Hack group posted fake Ukrainian surrender messages, Meta says in new report

A Belarus-affiliated hacking group has attempted to compromise the Facebook accounts of Ukrainian military personnel, posting videos of hacked accounts calling on the Ukrainian military to surrender, according to a new security report from Meta (Facebook’s parent company) .

The hacking campaign, previously labeled as “Ghostwriter” by security researchers, was carried out by a group known as UNC1151 that has been linked to the Belarusian government under investigation conducted by Mandiant. A February security update from Meta flagged activity from the Ghostwriter operation, but since that update, the company said the group had attempted to compromise “dozens” of accounts, though it had only succeeded in a handful of cases.

Where successful, the hackers behind Ghostwriter could have posted videos that appeared to come from the compromised accounts, but Meta said it had blocked these videos from being shared further.

Spreading fake surrender messages has already been a tactic of hackers who have compromised television networks in Ukraine and planted false reports of a Ukrainian surrender in the chyrons of live broadcasts. While such statements can be quickly refuted, experts have suggested that they are intended to undermine Ukrainians’ trust in the media in general.

Details of the latest Ghostwriter hacks have been published in the first installment of Meta’s quarterly Adversarial Threat Report, a new offering from the company that builds on a similar December 2021 report that detailed threats faced throughout the year. While Meta has previously published regular reports of coordinated inauthentic behavior on the platform, the scope of the new threat report is broader and includes espionage operations and other emerging threats such as mass content reporting campaigns.

In addition to the hacks against military personnel, the latest report also details a series of other actions carried out by pro-Russian threat actors, including covert influence campaigns against various Ukrainian targets. In one case from the report, Meta alleges that a group with ties to the Belarusian KGB attempted to stage a protest event against the Polish government in Warsaw, though the event and the account it created were quickly taken offline.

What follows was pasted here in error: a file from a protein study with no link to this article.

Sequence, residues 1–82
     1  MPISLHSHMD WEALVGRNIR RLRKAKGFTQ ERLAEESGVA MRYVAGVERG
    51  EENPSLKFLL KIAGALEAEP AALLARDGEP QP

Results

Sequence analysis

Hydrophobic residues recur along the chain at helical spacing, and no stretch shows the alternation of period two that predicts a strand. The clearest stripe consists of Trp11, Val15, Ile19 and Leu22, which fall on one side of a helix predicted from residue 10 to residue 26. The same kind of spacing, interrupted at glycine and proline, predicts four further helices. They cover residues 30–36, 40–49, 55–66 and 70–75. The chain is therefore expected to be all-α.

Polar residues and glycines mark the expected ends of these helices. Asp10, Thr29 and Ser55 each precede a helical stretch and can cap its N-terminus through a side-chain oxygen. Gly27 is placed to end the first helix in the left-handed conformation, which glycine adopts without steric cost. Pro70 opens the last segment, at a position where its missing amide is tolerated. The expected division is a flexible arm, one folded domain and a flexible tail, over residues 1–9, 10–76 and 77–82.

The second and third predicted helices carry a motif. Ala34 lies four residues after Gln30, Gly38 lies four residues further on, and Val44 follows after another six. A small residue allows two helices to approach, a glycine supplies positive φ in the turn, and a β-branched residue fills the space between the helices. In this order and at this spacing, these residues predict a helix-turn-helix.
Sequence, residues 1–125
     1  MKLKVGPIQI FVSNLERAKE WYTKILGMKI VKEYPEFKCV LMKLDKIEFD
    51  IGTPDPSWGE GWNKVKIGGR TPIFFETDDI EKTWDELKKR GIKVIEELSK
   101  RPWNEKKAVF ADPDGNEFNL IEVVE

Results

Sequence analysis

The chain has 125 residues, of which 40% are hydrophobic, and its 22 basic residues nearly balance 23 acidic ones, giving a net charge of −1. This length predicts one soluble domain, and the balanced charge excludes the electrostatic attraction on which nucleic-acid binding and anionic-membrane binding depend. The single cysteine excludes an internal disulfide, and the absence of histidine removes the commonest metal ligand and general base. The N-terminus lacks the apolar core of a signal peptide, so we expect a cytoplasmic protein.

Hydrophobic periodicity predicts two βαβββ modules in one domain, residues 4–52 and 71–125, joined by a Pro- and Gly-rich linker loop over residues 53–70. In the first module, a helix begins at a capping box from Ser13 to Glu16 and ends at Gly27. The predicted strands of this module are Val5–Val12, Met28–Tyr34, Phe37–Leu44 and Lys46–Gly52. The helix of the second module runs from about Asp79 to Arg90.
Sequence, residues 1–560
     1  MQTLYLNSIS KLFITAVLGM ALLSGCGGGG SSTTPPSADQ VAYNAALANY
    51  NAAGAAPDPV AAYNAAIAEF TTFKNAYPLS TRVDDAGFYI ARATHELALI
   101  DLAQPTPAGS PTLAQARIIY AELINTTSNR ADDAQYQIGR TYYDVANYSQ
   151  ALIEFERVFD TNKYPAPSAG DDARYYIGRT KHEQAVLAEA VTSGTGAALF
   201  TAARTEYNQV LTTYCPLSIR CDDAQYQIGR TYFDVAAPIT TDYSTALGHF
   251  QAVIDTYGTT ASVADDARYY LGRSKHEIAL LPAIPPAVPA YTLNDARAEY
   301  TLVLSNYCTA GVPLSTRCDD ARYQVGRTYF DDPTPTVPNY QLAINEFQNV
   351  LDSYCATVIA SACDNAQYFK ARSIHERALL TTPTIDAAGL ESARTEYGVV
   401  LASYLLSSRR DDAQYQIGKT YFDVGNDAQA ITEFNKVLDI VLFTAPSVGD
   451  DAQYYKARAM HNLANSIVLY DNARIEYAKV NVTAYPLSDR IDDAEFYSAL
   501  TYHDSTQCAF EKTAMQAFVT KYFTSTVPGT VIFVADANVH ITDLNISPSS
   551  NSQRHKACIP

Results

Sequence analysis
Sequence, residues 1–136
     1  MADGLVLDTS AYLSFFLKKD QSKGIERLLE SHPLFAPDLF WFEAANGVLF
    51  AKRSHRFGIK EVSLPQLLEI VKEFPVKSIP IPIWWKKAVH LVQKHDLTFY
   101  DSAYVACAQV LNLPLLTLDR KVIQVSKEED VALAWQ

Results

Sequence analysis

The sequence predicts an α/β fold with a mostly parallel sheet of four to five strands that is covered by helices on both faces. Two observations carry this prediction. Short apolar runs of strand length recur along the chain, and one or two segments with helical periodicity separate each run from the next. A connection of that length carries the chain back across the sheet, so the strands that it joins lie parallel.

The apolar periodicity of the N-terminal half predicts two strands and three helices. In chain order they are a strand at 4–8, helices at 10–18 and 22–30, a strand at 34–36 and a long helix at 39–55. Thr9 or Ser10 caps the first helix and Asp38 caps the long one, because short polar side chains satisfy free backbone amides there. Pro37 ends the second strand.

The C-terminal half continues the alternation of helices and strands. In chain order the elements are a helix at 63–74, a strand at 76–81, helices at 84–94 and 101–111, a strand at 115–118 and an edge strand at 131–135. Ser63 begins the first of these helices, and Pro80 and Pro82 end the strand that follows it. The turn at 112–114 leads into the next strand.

While foreign influence operations like this one make up some of the report’s most dramatic details, Meta says it has also seen an increase in influence campaigns conducted domestically by repressive governments against their own citizens. In a conference call with reporters Wednesday, Nick Clegg, Facebook’s president for global affairs, said attacks on internet freedom had escalated.

“While much of the public attention in recent years has focused on foreign interference, domestic threats are increasing globally,” Clegg said. “As in 2021, more than half of the operations we disrupted in the first three months of this year targeted people in their own countries, including hacking into people’s accounts, running deceptive campaigns and falsely posting content to Facebook. report to silence critics.”

Authoritarian regimes generally tried to control access to information in two ways, Clegg said: first, by pushing propaganda through state media and influence campaigns, and second, by trying to stop the flow of credible alternative sources of information.

According to Meta’s report, the latter approach has also been used to limit information about the conflict in Ukraine, with the company removing a network of about 200 Russian-operated accounts engaged in coordinated reporting from other users for fictitious violations, including hate speech, bullying, and inauthenticity, in an effort to get them and their posts removed from Facebook.

Echoing an argument from Meta’s lobbying efforts, Clegg said the threats outlined in the report show “why we need to protect the open internet not only from authoritarian regimes, but also from fragmentation due to the lack of clear rules.” .”

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